In October, I was privileged to attend another uchi deshi at Toutain Sensei’s dojo in Serralongue, France. It’s a spectacular location up in the mountains and close to the Spanish border and we were there for five days’ training in Wanomichi. Our daily schedule was something like this:

  • 8:00am Meditation
  • 8:30am Bukiwaza on the football pitches
  • 10:00am Taijutsu in the dojo
  • 11:30am Ashtanga yoga in the dojo
  • 16:00pm Informal practice in the dojo

It’s great to have nothing but Aikido practice for five consecutive days. We live in a nearby gite and, just like in Iwama, cook and eat together, plus help to clean the dojo and the accommodation. It’s possible to make rapid progress, because the training is intensive, and the group is usually small, so you have individual attention from Sensei.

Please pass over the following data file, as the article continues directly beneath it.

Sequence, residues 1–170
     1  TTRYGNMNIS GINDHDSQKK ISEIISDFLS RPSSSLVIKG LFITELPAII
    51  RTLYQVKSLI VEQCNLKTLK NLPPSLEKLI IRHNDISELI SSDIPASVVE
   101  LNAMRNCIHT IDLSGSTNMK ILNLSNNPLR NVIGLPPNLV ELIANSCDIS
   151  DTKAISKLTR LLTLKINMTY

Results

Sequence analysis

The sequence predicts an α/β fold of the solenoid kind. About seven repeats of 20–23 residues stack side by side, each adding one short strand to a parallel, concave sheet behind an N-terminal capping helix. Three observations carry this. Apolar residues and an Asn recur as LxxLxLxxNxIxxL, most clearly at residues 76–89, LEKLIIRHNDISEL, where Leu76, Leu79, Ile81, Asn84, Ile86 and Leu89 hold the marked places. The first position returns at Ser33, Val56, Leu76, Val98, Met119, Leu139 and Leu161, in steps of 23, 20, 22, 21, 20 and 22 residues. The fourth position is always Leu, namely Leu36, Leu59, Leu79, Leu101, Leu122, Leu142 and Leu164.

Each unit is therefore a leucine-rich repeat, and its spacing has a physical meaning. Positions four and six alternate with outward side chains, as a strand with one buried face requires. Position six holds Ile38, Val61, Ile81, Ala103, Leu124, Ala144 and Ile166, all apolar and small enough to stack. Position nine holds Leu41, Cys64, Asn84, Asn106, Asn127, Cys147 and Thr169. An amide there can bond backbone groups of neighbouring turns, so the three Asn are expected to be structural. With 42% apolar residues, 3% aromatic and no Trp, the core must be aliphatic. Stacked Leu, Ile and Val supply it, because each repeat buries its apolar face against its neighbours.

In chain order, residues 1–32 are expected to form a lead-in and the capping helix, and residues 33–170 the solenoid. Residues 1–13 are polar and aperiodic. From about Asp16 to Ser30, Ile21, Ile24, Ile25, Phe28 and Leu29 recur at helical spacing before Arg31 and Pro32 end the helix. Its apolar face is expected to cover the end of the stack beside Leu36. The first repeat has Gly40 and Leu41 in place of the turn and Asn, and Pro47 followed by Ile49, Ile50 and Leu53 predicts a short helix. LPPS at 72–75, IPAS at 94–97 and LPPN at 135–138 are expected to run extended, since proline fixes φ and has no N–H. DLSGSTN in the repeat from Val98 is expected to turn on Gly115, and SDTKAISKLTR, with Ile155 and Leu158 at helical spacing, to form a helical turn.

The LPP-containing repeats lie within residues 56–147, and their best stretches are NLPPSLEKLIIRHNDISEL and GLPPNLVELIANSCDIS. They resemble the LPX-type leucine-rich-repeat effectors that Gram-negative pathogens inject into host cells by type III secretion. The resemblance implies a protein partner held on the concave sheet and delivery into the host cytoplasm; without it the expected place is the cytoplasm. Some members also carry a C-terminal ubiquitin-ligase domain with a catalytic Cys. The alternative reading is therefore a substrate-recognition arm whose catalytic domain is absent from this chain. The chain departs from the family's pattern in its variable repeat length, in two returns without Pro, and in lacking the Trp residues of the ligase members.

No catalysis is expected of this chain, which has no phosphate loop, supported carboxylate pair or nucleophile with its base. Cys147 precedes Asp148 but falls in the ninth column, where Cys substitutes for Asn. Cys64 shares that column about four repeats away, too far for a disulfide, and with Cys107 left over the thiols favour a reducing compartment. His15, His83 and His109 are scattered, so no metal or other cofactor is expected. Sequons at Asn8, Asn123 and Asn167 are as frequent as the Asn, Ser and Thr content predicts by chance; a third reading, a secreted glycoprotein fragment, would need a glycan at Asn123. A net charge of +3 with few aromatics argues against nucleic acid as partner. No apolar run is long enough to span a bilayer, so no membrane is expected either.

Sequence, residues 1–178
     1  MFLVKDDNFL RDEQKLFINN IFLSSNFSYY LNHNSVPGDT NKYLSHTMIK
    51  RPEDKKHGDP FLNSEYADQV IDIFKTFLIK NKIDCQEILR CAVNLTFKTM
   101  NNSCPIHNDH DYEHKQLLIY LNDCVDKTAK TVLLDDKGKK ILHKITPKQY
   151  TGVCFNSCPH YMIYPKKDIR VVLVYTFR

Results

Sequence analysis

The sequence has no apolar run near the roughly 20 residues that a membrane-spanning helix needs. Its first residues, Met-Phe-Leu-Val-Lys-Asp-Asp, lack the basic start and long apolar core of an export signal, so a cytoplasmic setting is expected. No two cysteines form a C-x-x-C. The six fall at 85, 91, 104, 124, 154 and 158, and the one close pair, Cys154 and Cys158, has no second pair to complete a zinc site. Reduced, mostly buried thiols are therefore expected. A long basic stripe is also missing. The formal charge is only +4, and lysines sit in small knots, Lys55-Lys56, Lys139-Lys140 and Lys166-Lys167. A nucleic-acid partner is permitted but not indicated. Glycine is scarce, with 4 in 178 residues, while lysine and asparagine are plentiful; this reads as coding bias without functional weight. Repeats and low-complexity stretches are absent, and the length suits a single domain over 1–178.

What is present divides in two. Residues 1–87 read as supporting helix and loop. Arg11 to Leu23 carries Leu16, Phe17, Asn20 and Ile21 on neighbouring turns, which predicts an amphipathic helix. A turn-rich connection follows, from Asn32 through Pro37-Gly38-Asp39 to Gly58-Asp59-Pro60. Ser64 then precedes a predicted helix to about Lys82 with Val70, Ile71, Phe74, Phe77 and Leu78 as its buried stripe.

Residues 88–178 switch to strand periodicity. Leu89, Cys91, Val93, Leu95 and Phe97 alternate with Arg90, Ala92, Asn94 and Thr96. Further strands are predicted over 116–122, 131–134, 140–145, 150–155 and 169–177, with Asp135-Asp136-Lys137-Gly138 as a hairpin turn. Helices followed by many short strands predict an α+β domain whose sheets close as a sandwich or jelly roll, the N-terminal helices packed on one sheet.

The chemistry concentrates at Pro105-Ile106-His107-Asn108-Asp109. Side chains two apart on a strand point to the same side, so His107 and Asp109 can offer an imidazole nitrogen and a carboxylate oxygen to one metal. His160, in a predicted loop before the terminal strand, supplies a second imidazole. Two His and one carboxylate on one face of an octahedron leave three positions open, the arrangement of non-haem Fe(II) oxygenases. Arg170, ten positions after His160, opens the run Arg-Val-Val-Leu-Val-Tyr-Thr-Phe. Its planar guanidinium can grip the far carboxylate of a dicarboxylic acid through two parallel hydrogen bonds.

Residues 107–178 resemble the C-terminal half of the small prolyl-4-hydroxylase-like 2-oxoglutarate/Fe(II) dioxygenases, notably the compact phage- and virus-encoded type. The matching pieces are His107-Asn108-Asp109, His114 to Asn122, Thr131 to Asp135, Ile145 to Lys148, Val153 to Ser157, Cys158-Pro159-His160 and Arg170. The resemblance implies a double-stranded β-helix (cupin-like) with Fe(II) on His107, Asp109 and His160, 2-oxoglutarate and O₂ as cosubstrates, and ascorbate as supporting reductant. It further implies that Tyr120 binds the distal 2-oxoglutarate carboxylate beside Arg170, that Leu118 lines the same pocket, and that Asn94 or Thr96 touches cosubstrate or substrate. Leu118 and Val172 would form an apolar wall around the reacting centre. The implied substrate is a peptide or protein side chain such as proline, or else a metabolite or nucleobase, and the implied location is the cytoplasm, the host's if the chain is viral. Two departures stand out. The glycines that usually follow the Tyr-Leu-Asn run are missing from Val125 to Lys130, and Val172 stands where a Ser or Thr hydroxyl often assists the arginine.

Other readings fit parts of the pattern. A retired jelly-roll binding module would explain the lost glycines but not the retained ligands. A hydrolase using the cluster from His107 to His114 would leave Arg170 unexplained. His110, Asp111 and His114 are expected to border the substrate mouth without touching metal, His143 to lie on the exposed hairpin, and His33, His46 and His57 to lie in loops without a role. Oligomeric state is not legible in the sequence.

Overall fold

View from the dojo

We didn’t do much ukemi for the whole week - it’s interesting. There comes a point, in each technique, where uke is sufficiently unbalanced and cannot recover. At that point, it’s not really necessary to complete the throw, because both partners understand that it’s already over. The precision of your execution permits this and if you make a mistake, uke can highlight by resisting or you can feel the weak point yourself. This is a very positive approach to training.

Ukemi is fun, when you can fall safely, and you can use it to escape a technique or avoid an injury. It’s also very helpful for demonstrations. That’s because the essence of the techniques are subtle and difficult to see but a big break fall is spectacular and inspiring. But advanced ukemi is not required to understand technique. That means that if you can’t take ukemi, you can still learn.